Propeller Cleaning Technique Boasts Fuel Savings
Hydrex is excited about the success of its new approach to propeller cleaning. The traditional approach in the industry is to let the propeller get good and fouled and build up a calcareous growth and maybe polish it in the water once or twice a year or in drydock. This polishing is done with a grinding disk and can be quite damaging to the propeller. By the very fact of using a grinding disk, a substantial amount of metal is removed from the propeller itself. This can alter the shape and efficiency, cause roughness and increase rather than reduce friction. It can also be a source of marine pollution which is a problem in a number of ports.
About a year ago, Hydrex discovered that more frequent, lighter cleaning of the propeller using a different tool to a grinding disk, and catching the propeller before a calcareous layer builds up is actually the optimum approach to propeller cleaning. If done right and done regularly it can result in 5% or even more fuel savings. Obviously for a ship that has even a medium level of fuel consumption, this savings far outweighs the cost of the propeller cleaning itself. Because the propeller is being cleaned regularly, the cleaning is relatively light and quick. No material is ground away, which is good for the propeller and the environment. The propeller is kept in an ultra-smooth condition (Rubert A or A+) and that’s where the real fuel savings can be achieved. This finish can only be accomplished with in-water propeller cleaning.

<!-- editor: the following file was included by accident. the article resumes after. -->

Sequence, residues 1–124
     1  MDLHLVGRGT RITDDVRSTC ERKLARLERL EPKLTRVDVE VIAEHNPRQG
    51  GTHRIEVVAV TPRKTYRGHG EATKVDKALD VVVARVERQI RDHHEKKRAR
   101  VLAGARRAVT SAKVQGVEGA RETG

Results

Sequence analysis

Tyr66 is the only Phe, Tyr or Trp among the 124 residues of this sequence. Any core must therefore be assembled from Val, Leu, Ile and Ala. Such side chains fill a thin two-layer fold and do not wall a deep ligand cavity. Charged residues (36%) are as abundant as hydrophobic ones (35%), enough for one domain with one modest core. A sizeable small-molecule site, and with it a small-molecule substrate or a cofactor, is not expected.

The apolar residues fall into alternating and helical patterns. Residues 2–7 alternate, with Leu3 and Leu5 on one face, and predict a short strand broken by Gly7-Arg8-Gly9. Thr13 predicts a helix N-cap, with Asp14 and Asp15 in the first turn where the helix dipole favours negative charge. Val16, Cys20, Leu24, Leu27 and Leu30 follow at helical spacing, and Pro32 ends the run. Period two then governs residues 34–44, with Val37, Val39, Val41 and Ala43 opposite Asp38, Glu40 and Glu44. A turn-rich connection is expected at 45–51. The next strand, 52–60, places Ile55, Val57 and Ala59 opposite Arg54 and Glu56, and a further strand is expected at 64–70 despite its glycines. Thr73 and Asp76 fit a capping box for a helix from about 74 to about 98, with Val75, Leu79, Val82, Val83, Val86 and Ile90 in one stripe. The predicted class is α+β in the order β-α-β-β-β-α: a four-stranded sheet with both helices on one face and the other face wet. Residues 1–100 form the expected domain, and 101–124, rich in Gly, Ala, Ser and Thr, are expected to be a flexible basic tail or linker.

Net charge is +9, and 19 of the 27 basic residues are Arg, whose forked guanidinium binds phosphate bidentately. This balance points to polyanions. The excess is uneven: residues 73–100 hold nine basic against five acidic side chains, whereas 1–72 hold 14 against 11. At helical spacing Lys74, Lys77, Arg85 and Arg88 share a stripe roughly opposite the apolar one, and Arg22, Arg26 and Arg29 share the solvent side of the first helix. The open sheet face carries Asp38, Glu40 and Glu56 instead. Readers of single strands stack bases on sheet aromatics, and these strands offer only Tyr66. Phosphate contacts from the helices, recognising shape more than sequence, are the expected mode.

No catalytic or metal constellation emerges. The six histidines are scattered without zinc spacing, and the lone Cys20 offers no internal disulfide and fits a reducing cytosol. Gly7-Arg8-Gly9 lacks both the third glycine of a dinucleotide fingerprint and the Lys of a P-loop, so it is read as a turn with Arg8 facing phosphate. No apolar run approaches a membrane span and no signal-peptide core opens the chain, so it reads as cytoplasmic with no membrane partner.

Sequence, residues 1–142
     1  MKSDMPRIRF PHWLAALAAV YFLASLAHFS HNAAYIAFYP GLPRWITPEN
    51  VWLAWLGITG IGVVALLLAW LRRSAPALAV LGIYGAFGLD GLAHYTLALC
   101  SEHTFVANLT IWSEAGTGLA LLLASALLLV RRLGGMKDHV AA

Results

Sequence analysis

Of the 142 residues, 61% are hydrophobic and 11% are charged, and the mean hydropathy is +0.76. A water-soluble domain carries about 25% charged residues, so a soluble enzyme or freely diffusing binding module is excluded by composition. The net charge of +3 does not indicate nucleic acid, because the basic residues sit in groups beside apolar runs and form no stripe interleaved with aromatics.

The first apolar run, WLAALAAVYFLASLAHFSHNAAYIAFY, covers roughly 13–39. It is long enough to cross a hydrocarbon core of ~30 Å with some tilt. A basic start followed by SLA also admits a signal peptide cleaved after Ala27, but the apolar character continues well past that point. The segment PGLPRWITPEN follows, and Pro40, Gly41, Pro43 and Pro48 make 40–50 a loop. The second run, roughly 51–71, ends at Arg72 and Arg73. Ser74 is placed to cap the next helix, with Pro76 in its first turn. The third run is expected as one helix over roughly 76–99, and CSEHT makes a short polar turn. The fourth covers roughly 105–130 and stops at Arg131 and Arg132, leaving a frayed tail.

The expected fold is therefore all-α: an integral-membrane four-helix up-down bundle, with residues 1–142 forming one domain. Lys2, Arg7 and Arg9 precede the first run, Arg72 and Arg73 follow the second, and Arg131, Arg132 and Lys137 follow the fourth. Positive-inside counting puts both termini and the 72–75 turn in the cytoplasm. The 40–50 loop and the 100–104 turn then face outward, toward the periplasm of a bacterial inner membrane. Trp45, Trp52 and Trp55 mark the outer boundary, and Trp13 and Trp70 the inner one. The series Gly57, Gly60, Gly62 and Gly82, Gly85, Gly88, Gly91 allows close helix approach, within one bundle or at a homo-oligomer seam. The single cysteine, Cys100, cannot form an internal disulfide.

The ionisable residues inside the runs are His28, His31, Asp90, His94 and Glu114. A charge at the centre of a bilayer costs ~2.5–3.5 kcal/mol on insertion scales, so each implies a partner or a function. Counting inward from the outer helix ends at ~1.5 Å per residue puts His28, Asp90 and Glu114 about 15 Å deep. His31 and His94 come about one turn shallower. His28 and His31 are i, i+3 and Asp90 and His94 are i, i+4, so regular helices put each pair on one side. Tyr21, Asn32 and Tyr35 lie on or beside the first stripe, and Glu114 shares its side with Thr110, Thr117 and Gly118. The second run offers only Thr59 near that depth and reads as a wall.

Fuel prices are climbing. As new low sulfur fuel requirements come into force, the prices are going to go even higher. A 5% savings of the propulsive fuel costs for the ship can make a huge difference to the bottom line.
Many Hydrex customers who have availed themselves of this service have noticed a remarkable difference in their fuel efficiency after each cleaning.
The products and services herein described in this press release are not endorsed by The Maritime Executive.